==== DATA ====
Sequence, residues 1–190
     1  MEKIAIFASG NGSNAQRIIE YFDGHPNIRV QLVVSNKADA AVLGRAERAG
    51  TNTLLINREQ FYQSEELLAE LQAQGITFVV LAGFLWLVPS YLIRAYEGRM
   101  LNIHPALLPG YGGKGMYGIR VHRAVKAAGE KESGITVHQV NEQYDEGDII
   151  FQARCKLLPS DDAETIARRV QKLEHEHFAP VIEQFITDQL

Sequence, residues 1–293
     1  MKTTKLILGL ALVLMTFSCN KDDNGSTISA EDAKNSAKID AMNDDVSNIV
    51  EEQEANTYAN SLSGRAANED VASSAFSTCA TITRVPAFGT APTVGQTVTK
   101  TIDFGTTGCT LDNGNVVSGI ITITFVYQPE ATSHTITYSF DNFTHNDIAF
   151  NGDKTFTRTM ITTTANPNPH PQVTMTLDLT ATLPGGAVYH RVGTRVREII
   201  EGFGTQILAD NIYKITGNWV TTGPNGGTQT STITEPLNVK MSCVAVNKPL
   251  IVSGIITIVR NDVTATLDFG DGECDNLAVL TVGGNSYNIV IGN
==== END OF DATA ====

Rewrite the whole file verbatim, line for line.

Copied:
Sequence, residues 1–190
     1  MEKIAIFASG NGSNAQRIIE YFDGHPNIRV QLVVSNKADA AVLGRAERAG
    51  TNTLLINREQ FYQSEELLAE LQAQGITFVV LAGFLWLVPS YLIRAYEGRM
   101  LNIHPALLPG YGGKGMYGIR VHRAVKAAGE KESGITVHQV NEQYDEGDII
   151  FQARCKLLPS DDAETIARRV QKLEHEHFAP VIEQFITDQL

Sequence, residues 1–293
     1  MKTTKLILGL ALVLMTFSCN KDDNGSTISA EDAKNSAKID AMNDDVSNIV
    51  EEQEANTYAN SLSGRAANED VASSAFSTCA TITRVPAFGT APTVGQTVTK
   101  TIDFGTTGCT LDNGNVVSGI ITITFVYQPE ATSHTITYSF DNFTHNDIAF
   151  NGDKTFTRTM ITTTANPNPH PQVTMTLDLT ATLPGGAVYH RVGTRVREII
   201  EGFGTQILAD NIYKITGNWV TTGPNGGTQT STITEPLNVK MSCVAVNKPL
   251  IVSGIITIVR NDVTATLDFG DGECDNLAVL TVGGNSYNIV IGN